In the middle are all the smaller, reflexive spaces that allow people to be part of what we call a Friendly Revolution: Neighbourhood Forums, Talk Shops, Collaboratories, Maker Cafes – so many reported in our Daily Alternative. IF you know where to plug in, you have the possibility of a whole new world of community building or activism that is directly connected to the system change we need to address the crises. But that is still a great ‘if’.

Needing better containers for all this activity, Citizen Action Networks are slowly taking shape. Connecting all the people irrespective of their political alliances to the cosmo-local solutions available – meaning the best ones drawn down from all over the world. This is people power: distinct from the kind of populism that causes painful social division and deepening frustration. This is also aligned with the systems change work happening at every level across the world.

At the heart of this transformative public activity is quite a new concept of the human being. Thanks to social media over the past 20 years, we have all begun to see ourselves in a myriad of different lights. We are no longer simply the unit of a mechanistic economy – needing a job, food and a roof over our heads in order to continue as a cog in the machine or the hamster on a wheel.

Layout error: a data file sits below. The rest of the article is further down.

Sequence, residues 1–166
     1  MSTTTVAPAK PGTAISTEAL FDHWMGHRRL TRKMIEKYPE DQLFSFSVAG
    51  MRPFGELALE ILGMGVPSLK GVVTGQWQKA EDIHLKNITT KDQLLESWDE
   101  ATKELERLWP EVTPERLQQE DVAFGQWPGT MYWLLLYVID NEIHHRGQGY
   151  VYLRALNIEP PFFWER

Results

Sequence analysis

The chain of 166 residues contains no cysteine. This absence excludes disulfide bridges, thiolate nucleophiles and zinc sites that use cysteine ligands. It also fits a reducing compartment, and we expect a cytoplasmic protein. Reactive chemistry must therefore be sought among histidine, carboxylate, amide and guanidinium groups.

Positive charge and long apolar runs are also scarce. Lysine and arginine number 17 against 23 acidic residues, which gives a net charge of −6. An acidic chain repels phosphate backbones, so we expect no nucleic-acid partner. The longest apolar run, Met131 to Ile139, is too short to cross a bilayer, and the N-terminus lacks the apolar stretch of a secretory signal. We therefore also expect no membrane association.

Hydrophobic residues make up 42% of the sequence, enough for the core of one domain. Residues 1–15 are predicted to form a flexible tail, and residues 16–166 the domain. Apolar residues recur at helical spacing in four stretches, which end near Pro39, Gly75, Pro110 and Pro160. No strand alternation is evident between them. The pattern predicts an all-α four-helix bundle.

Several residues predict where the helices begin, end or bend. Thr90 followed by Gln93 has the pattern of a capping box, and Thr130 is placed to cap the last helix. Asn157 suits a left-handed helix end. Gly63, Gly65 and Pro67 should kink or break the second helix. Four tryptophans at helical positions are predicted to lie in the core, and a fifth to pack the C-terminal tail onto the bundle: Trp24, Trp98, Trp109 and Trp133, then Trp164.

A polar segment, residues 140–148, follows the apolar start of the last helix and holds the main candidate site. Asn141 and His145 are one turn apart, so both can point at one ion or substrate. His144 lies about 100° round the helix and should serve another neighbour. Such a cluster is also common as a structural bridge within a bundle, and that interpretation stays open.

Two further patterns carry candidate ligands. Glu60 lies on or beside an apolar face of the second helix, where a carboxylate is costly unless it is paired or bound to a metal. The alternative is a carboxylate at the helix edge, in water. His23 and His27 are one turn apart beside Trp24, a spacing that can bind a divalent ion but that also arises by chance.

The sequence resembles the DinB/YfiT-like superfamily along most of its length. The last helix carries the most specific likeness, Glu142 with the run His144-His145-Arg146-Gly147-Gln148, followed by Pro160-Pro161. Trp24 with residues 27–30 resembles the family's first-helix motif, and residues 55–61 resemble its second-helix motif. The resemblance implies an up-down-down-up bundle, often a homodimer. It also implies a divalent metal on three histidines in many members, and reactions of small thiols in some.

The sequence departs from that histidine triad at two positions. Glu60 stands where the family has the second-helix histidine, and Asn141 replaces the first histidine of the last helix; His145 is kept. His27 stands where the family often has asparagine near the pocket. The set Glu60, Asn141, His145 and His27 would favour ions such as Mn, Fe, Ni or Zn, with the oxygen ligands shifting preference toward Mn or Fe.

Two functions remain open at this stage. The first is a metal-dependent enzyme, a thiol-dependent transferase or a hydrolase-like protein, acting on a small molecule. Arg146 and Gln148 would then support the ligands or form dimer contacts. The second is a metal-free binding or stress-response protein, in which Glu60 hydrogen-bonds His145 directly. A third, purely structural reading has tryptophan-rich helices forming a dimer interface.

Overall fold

Today we understand ourselves better as complex – bio-psychosocial-spiritual – entities. We are also opining, reflecting, performing: we are thinkers and doers. We have much to say and feel and we spend a lot of time watching each other. Increasingly we are the target of those who manipulate our data for power and profit.

New tribes have appeared: gamers, youtubers, eco-warriors, spiritualists, masculinists, feminists, trans activists, permaculturists, populists, post-colonialists and infinitely more. While the class system has not evaporated, it has fractured and seems permanently fluid. Its guarantor, the Royal Family, seems to be self-destructing even as the most popular members turn into ordinary celebrities. American soft power, once deemed indestructible, is faltering as President Trump poisons the American Dream and Hollywood is overtaken by Netflix.